He’s the babe of the Austin music scene, that’s what everyone told me when I told them I was about to interview Walker Lukens. Walker has created quite the buzz for himself with his clever Instagrams and damn catchy music. I’ve had his songs stuck in my head since I saw him perform. We walked to a side street to get away from the hustle at the Modern Outsider showcase at SXSW to talk about the local music scene and his upcoming shows.
What immediately stood out to me about his music was that it has kind of a throwback feel to it but it sounds so modern. “I really love hip hop,” Walker says, “that’s probably why it sounds more modern than it might otherwise.”
This segued into a long trail of Kanye discussion, but we’ll get to that later*. Walker is from Houston, he moved to New York for about three years but returned to Texas to be a part of the Austin scene.
He says, “I loved living in New York, I just found it to be a really hard place to do music full time. I had this realization when I was there that the community is harder to recreate as you get older, to move somewhere and create a new world. I didn’t want to recreate that world in New York.”
One thing that I appreciate about Walker is his ability to flawlessly navigate the Austin scene with a business sense. I’ve mentioned before on how certain music scenes can feel like a bubble, but Walker says he’s been lucky to play in Austin because everyone is so supportive. It’s just a different culture than a lot of places, being from Houston I see where he’s coming from. Every restaurant, bar, and general are in Austin basically doubles as a live music venue, and to add to that the network of musicians are less cut-throat and more supportive of each other.
He adds, “The only thing about living here is that there’s less music industry people here, in order to get ahead to that next level I think you need more work,” he says. That’s the beauty of SXSW though, this is the industry week. You can’t even stand in line for the bathroom without exchanging business cards with 5 people.
He agrees, “This is my favorite week of the year, it’s definitely a shit show. A lot of people complain there’s not a lot of money but you have this awesome opportunity where all for the industry comes to you.”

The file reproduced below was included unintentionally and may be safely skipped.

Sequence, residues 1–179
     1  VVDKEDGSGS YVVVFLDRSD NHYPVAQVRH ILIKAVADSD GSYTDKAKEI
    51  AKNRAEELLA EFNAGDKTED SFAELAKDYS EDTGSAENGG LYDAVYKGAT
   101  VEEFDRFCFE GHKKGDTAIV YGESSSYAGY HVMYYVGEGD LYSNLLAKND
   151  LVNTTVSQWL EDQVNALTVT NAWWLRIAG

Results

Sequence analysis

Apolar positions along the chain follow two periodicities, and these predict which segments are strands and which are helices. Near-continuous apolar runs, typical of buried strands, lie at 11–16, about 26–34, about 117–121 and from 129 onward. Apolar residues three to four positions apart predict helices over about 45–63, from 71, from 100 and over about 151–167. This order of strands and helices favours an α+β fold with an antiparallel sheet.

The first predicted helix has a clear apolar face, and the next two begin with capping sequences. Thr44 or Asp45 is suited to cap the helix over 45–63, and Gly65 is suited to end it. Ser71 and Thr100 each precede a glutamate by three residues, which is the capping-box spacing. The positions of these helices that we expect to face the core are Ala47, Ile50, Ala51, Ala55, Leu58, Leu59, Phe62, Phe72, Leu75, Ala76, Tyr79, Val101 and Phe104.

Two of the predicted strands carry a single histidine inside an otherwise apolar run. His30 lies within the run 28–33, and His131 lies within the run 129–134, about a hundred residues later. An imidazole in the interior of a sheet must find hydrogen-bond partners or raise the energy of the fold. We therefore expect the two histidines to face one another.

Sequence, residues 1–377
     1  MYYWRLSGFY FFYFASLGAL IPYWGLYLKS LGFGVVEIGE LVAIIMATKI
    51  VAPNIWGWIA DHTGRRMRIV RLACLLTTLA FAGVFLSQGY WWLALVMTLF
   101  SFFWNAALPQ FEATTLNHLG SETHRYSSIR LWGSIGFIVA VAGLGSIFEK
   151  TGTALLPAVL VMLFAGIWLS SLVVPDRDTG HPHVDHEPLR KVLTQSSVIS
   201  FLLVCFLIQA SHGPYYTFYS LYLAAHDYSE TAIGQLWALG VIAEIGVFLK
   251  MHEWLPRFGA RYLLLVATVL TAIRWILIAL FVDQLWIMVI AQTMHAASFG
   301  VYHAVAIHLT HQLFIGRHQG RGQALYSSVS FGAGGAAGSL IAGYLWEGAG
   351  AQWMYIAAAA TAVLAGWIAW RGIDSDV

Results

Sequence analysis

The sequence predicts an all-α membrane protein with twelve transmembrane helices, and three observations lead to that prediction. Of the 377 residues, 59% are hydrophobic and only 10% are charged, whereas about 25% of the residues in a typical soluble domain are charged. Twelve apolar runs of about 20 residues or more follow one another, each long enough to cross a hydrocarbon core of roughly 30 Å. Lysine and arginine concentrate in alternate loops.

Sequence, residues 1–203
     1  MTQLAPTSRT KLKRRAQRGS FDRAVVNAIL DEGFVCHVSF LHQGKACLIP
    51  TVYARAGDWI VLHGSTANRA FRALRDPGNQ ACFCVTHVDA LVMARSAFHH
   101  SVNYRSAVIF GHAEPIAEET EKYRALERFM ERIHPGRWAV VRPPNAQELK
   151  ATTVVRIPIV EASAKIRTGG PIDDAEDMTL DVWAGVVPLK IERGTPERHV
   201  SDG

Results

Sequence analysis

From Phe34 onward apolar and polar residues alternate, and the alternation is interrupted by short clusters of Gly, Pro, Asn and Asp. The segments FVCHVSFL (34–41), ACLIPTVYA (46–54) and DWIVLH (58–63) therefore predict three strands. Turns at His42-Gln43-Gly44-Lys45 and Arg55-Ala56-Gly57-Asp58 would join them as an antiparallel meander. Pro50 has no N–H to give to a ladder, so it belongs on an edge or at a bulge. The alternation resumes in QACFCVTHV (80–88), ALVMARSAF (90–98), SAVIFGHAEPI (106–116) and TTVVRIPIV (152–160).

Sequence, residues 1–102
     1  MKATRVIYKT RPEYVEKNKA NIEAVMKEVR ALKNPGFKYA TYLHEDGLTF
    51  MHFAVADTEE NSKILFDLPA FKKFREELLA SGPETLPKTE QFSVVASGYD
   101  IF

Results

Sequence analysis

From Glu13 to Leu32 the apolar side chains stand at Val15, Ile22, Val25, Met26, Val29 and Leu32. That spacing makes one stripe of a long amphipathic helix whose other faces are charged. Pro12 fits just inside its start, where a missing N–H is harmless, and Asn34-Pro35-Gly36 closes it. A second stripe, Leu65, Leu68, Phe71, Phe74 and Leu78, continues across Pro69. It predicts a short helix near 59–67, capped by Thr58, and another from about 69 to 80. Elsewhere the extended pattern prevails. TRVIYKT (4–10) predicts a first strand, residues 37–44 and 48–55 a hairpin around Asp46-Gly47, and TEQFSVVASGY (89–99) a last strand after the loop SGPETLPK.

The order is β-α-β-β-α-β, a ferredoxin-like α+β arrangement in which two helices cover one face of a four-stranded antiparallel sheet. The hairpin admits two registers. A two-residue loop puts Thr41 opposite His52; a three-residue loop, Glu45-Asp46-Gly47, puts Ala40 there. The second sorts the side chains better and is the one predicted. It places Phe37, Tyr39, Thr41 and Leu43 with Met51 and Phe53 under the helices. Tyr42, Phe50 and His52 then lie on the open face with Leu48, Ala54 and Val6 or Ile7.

Walker’s outlook on the music scene in Austin is refreshing. He makes his own opportunities and has that fire in him. He seems to have what a lot of musicians mock, business sense. That’s not to say he’s all method, but I think artist’s that have the ambition to pursue their music with the same tenacity as any other career is what so many bands lack.
He says, “I’ve always had the privilege of learning from my friends mistakes. A problem I see with a lot of musicians is that they’re really sentimental and they romanticise too much. I also think it’s obnoxious when bands are talking about their brand, that’s nauseating, but also it’s important to think about those things and think about what makes you unique and also be really judicious about what’s smart versus what you want to do.”
When it comes to his music he’s equally critical about what he puts out. If you’ve listened to his new EP, he just has this way with words and a sweet voice. It’s vintage rock n roll with that hip hop mindset that keeps it fresh.
He explains, “There’s a lot of steps and the other thing that’s helpful is to play it live and just be really attentive. It’s never going to be perfect, it has to change and evolve. I’ve seen a lot of people get too wrapped up in the things people have done before them. Everything you think you’re too cool to do or you’re above doing, you need to make peace with that.”
Walker just released an amazing new EP ‘Ain’t Got A Reason’, he’s opening for Hamilton Leithauser this spring and he’ll be on a good handful of the festivals this year (Bonnaroo, Firefly, FloatFest) so keep your eye out.
Watch this bomb video for “Lifted” and if you want to hear his thoughts on Kanye, just scroll down babes.
*Walker’s Thoughts On Kanye*
Favorite Kanye West Album
Listen to and not feel gross in some way: Graduation
Walker: I think he’s maybe one of the most important people making music these days. I think that white people struggle with Kanye West because he very much tries to confront our normalized Christian values in a really intense way. He comes off as very arrogant, he’s hypersexual, he’s a misogynist, he’s in some ways very nihilistic. I really like Life Of Pablo but that’s a dark album. I really like that record. I think he really doesn’t trust people.